Here, Brian Trehearne expands on his inspirations, and the wider context behind his article in Modernist Cultures (November 2018).
My article in Modernist Cultures volume 13.4, ‘Canadian Modernism at the Present Time’, had a number of prompts, only one of which is acknowledged in the article itself. The 2016 presidential election in the United States and its stunning result, the British referendum earlier in that same year on departure from the European Union and its stunning result, and the light these outcomes cast on rising populism in Europe and elsewhere, gave every scholar, I imagine, equal pause. I began to wonder whether my field of study had anything at all to say to such outcomes and the constituencies that drove them. Canadian modernist writers have an admirable record of resistance to the right-wing, authoritarian politics of their times, but many of them were also committed nationalists. Could their aesthetics remain potent eighty years later or more as an expression of that resistance? Or will the anti-modernist qualities of present-day populism – scorn for elites, a rejection of expertise and specialism, a revived and sometimes violent nationalism, a distrust of foreign borrowings and cosmopolitan visitors – steadily undermine the humanities and erase the writers I care about from literary history?
The events of 2016 gave a certain urgency to motivations I’d begun to feel two or three years earlier. The earliest and strongest was that I’ve found the teaching of modernism to undergraduates increasingly difficult in recent years. The sheer difficulty of reading the best modernist writing and young people’s current expectation that their literary studies should be driven by a cultural politics they feel comfortable with might have something to do with it. Their piecemeal exposure to literary history, as well, makes it harder for them to feel the necessity of modernism. On the assumption that what my colleagues published would tell me something about what they teach, and perhaps even how they teach, I began to imagine an article that would survey the current arguments advanced by specialists in my field and reflect on their likely impact on the largest audience Canadian modernism can claim today: those same undergraduates.
The second prompt to the writing at about that time was my sense that a heyday for Canadian modernist studies was ending. I needn’t recreate here the article’s consideration of the Editing Modernism in Canada project except to say that it helped to bring about, from a little after the turn of the century to about three years ago, a period of intense critical, theoretical, and editorial activity in my field. But as the funding ended and the investigative teams dispersed, the sense of a common project had dissipated. I wanted to know better than I did what had been accomplished, and where all that energy would go.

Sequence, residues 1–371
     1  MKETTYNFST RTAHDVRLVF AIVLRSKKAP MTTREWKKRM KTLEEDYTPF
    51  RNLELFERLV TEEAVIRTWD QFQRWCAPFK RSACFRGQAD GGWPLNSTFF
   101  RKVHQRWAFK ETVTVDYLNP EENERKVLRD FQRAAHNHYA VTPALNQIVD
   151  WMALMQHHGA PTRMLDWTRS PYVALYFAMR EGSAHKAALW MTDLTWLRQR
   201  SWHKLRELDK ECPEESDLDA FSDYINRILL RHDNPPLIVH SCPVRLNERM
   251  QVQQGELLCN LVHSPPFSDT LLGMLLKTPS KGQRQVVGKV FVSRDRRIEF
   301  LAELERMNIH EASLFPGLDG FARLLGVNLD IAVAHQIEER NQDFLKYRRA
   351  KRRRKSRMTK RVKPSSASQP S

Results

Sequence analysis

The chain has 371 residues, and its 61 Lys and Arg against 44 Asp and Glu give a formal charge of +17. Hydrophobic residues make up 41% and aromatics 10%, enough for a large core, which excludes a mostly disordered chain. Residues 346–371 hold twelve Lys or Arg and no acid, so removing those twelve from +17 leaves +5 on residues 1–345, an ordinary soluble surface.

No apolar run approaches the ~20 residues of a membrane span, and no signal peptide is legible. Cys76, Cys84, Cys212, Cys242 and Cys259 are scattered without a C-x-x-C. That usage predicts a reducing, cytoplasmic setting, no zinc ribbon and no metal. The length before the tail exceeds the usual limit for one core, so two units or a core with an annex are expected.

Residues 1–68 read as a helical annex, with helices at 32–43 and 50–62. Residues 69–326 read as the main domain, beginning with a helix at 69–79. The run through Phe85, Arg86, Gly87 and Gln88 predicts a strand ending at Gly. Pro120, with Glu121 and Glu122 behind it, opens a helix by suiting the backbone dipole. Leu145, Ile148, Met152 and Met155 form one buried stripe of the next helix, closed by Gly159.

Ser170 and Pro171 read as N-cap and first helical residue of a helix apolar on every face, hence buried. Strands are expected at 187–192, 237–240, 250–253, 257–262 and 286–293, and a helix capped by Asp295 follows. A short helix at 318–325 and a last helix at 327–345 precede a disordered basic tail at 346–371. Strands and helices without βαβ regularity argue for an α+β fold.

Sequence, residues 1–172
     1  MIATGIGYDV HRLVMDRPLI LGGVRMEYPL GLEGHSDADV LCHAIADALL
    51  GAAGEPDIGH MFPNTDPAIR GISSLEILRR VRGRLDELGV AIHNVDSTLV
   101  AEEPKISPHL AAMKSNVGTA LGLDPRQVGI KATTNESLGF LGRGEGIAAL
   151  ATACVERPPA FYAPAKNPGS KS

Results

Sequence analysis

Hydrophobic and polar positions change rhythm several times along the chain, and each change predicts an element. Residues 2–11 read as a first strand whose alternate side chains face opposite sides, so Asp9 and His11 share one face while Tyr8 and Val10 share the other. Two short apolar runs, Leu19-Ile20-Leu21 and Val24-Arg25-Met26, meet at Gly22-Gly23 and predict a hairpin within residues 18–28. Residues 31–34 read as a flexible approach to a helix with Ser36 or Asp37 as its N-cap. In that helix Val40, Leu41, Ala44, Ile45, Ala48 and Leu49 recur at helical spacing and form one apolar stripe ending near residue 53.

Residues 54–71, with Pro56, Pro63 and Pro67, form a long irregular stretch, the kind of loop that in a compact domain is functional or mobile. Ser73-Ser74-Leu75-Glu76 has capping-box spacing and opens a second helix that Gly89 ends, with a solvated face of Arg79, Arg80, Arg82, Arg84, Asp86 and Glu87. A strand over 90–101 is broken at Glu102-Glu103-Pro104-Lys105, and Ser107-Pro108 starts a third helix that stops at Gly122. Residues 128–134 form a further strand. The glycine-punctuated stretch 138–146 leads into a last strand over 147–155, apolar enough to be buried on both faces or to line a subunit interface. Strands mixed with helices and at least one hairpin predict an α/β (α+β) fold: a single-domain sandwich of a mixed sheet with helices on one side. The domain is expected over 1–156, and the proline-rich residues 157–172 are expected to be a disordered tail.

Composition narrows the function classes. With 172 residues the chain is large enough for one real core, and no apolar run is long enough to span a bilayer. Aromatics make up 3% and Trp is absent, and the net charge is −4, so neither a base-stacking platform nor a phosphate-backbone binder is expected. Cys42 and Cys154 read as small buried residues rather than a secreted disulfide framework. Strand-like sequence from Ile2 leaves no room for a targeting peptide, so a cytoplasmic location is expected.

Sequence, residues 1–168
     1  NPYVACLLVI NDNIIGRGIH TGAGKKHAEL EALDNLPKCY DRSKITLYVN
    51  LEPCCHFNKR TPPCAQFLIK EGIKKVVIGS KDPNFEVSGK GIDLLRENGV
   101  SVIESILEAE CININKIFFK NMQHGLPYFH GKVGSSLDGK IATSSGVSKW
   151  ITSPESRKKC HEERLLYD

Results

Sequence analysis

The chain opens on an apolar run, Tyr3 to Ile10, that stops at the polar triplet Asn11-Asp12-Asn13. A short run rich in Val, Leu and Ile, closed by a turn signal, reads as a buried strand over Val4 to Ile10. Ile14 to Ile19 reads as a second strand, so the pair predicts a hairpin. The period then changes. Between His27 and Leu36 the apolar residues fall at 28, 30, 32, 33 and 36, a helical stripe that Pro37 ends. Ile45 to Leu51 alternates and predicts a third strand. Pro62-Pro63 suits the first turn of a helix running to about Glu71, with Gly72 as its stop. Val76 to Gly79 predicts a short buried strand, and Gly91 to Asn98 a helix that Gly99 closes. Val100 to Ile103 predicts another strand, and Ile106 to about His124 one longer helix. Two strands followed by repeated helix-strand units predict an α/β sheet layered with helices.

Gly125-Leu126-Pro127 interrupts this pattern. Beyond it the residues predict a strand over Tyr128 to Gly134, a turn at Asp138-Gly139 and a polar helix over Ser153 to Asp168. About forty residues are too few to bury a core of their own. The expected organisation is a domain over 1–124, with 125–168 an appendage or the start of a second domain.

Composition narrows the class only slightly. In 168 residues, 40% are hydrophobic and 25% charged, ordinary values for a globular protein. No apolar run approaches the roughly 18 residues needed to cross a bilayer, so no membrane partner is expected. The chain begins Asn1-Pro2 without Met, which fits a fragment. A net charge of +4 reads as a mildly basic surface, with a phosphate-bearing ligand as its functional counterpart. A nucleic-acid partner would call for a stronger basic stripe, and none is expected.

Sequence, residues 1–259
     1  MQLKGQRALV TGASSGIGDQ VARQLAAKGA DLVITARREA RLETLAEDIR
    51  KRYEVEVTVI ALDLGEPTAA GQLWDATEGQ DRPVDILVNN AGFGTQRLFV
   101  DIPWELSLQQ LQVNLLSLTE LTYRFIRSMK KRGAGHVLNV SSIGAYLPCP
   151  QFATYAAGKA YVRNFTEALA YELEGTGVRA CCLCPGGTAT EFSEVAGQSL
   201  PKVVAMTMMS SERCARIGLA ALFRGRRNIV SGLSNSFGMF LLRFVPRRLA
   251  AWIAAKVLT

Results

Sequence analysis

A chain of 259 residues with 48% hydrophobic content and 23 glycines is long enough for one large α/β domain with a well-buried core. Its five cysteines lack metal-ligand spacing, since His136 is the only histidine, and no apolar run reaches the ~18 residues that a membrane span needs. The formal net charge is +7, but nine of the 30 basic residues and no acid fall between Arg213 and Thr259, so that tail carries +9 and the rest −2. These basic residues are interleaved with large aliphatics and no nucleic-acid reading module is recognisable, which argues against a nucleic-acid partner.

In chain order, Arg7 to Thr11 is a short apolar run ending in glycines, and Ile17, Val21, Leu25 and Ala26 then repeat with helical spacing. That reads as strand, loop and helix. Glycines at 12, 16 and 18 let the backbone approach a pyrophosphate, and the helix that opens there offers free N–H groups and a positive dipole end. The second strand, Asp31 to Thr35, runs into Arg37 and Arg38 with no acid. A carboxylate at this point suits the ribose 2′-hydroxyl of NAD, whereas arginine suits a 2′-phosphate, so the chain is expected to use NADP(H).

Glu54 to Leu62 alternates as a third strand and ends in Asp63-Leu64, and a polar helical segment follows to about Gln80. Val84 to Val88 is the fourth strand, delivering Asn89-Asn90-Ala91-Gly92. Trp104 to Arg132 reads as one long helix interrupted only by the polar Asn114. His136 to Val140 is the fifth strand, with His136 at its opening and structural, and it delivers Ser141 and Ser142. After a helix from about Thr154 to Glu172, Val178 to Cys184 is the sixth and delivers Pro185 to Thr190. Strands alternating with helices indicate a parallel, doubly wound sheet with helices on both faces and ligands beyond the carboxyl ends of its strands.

What finally brought me into action on these prompts was a six-month residence in post-Brexit Oxford during my last sabbatical, and during that time an invitation to speak at the University of Birmingham. Knowing one has a paper to deliver in the morning concentrates the mind wonderfully, and the opportunity to publish the Birmingham paper in revised form in Modernist Cultures is a signal honour. Both opportunities nonetheless entailed a challenge, for I had proposed in the same text a specialist survey of a narrowly recognized field and an introduction to that field, to some of its major writers and its literary and critical history, for an audience that (I knew) had had little exposure to Canadian modernist writing. I hope to have hidden the seams that allowed me to stitch these two genres together, and I ask any well-informed reader’s indulgence of the more introductory passages.
The genre has one of the shortest shelf-lives in scholarship. Since its acceptance by Modernist Cultures a new article on P. K. Page has appeared, by Robert Stacey, in Canadian Literature, and I have discovered that Kenneth Leslie is after all in print today, in a small selected edition. The error stands: mea culpa, and also caveat emptor. More telling though of the article’s success or failure will be the judgment of some colleagues that the only real question facing Canadian literary scholars today is how they will contribute to the truth and reconciliation process that has exposed in greater and more visceral detail than ever before the historical disenfranchisement, cultural decimation, and violent re-‘education’ of Canada’s indigenous peoples. My article is largely silent on these matters, except when some scholars of Canadian anti-modernism speak to acts of cultural appropriation. That silence may collude, in some judgments, with an image of Canada from which the indigenous experience has been purged – something of which modernists themselves are frequently accused. For such readers, ‘the present time’ has a very different meaning from the one I have relied on, and it is only fair to warn the UK reader that an entirely other view of Canadian literature is taking shape.